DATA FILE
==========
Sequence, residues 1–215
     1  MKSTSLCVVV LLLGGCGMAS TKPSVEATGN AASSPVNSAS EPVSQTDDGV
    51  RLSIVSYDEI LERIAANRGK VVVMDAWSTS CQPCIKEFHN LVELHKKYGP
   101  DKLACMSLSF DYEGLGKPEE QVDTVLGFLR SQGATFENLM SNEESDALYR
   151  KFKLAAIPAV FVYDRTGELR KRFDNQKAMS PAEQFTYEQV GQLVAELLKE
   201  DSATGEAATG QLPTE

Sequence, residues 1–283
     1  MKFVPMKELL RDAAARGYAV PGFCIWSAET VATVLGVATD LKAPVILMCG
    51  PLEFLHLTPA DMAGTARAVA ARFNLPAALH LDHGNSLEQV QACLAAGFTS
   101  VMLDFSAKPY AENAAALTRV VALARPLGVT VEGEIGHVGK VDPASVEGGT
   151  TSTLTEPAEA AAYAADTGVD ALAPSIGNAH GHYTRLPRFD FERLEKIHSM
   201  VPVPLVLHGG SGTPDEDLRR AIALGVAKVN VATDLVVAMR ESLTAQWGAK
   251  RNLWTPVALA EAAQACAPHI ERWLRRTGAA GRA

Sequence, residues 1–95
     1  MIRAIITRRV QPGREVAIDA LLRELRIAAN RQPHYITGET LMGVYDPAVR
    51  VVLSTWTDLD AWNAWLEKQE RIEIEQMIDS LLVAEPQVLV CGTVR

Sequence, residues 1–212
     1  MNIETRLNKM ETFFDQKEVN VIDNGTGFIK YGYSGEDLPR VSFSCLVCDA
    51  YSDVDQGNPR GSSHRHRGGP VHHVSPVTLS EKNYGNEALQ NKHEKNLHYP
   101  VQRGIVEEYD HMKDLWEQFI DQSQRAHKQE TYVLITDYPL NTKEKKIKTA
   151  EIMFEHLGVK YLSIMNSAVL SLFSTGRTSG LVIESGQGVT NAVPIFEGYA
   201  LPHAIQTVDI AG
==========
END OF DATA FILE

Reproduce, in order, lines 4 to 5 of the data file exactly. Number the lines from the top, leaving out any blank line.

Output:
   101  DKLACMSLSF DYEGLGKPEE QVDTVLGFLR SQGATFENLM SNEESDALYR
   151  KFKLAAIPAV FVYDRTGELR KRFDNQKAMS PAEQFTYEQV GQLVAELLKE